No country has a handle on style quite like Italy. From the couture fashion houses to the grand Italian villas, from the bespoke furniture brands to the industrial design firms that push the envelope in regards to precision and imagination, the country is the epicenter of haute creations, a fact in which many Italians take pride. Nowhere is this dedication to style more evident than in the country’s luxury auto sector.
Italy is the birthplace of the world’s most celebrated automobile brands; Alfa Romeo, Ferrari, Lamborghini, Maserati—the stunners that roll out of these marques are revered by auto enthusiasts everywhere, garnering gaping stares and inspiring lust in the hearts of those not lucky enough (or wealthy enough) to sit in the driver’s seats.
Marked by aerodynamic silhouettes, sexy lines, and roaring engines that denote pure power, Italian supercars are widely considered the most exciting special interest vehicles to own, evoking emotion amongst the dedicated fans in a way that a German luxury sedan just can’t match. Those fans have Leonardo Fioravanti to thank; he has done more to define the impeccable style of luxury Italian autos over the past four decades than any other. His designs have molded the bodies of Alfa Romeos, generated custom concept cars, and altogether defined dozens of Ferraris.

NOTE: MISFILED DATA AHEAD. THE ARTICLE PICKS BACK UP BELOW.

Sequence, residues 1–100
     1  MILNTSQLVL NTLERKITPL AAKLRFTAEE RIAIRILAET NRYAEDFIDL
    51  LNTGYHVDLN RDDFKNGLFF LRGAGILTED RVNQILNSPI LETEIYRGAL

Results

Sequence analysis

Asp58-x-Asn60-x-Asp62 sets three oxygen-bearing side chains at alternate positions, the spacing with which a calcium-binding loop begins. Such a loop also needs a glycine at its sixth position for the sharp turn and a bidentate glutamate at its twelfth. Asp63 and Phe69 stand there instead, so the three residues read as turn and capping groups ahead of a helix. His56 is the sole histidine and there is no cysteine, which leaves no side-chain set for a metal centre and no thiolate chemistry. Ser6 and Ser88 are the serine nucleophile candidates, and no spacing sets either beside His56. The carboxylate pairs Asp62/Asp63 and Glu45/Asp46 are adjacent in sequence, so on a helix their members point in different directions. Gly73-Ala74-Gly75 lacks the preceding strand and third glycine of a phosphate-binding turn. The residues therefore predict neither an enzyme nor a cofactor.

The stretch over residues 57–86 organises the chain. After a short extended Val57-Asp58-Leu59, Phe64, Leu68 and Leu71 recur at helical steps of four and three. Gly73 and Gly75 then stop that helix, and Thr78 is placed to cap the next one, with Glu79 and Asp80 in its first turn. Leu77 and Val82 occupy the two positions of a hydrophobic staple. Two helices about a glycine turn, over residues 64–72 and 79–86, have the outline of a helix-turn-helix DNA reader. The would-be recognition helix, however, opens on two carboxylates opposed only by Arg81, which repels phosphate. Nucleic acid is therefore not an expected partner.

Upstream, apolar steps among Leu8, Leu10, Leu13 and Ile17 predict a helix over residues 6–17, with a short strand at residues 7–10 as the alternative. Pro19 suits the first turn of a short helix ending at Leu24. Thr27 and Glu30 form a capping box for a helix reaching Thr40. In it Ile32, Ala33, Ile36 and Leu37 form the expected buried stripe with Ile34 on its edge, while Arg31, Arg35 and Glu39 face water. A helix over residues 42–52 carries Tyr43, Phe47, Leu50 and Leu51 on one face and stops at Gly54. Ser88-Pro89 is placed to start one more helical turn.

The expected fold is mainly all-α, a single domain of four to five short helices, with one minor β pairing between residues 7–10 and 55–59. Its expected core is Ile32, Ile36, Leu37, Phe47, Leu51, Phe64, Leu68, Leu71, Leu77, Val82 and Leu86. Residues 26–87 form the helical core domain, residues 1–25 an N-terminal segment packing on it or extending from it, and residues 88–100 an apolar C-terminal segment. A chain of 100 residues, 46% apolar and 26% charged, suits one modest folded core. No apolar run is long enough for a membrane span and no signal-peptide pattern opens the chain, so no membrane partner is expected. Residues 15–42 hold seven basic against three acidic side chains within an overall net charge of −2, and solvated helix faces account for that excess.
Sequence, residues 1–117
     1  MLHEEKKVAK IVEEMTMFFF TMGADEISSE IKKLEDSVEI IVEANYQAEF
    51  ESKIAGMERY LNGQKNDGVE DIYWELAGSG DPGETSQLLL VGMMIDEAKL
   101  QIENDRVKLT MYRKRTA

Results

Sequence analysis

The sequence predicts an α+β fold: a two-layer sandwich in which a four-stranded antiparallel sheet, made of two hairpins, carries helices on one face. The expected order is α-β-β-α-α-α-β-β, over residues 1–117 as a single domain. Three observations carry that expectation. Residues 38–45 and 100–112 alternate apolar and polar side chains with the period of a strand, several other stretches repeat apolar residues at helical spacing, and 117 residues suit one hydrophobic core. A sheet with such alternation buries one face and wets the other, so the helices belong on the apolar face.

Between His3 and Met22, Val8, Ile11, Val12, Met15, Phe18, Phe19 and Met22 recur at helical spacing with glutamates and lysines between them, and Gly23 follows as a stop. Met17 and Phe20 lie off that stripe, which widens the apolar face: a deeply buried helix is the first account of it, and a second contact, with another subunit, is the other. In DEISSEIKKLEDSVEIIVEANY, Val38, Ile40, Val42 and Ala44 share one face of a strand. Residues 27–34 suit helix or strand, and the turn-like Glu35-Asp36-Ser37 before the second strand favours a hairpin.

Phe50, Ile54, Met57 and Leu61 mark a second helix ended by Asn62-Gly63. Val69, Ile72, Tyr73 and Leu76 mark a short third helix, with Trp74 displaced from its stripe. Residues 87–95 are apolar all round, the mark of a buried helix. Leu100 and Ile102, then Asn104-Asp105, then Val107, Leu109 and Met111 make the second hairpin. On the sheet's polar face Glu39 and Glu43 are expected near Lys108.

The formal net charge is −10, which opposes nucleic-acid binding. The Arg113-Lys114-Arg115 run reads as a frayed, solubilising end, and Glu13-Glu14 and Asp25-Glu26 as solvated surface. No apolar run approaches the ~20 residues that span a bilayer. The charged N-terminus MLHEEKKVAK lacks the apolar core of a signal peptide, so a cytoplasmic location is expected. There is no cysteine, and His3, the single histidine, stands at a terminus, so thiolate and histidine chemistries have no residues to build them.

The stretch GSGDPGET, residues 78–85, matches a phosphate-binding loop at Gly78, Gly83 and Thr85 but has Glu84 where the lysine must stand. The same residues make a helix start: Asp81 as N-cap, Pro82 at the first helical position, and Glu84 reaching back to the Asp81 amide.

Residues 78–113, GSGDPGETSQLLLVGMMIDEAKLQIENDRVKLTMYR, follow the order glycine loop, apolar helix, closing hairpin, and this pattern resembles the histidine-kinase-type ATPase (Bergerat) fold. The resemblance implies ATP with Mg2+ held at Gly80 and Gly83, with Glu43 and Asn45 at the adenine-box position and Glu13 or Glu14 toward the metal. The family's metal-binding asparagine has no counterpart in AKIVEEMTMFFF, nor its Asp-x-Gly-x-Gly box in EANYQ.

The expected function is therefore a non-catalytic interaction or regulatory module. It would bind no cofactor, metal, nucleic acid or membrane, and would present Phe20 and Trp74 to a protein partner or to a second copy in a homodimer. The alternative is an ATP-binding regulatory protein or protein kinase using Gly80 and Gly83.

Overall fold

Now leading an eponymous firm specializing in the auto sector, Fioravanti honed his impeccable skills at Pininfarina, the Italian design house that puts its stamp on autos from the likes of Ferrari, Maserati, Alfa Romeo, Rolls-Royce, Jaguar, and more. He joined the company in 1963 immediately following his tenure at Milan Polytechnic University where he received a degree in mechanical engineering. During his 24 years at Pininfarina, Fioravanti personally designed 24 Ferraris, some of which are the most famous road cars from the brand. He advanced to the position of CEO and general manager of Pininfarina’s research and development arm, where he led the company’s charge into the industrial design realm.
In 1987, Ferrari offered Fioravanti a position in-house, where he was the project director for the Ferrari F40, considered by many to be the most iconic of all Ferrari designs. When it debuted, company founder Enzo Ferrari, then 89 years old, said, “A little more than a year ago, I expressed a wish to my engineers: build a car to be the best in the world. And now that car is here.” He then revealed the F40, which garnered gasps from the crowd. The successor of the Ferrari 288 GTO, the F40 celebrated 40 years of Ferrari design, and was the last Ferrari created under Enzo Ferrari’s watch (he died in 1988). Initially, only 400 F40s were commissioned, but its popularity, despite the $470,000 price tag, led to the creation of 1,315 total.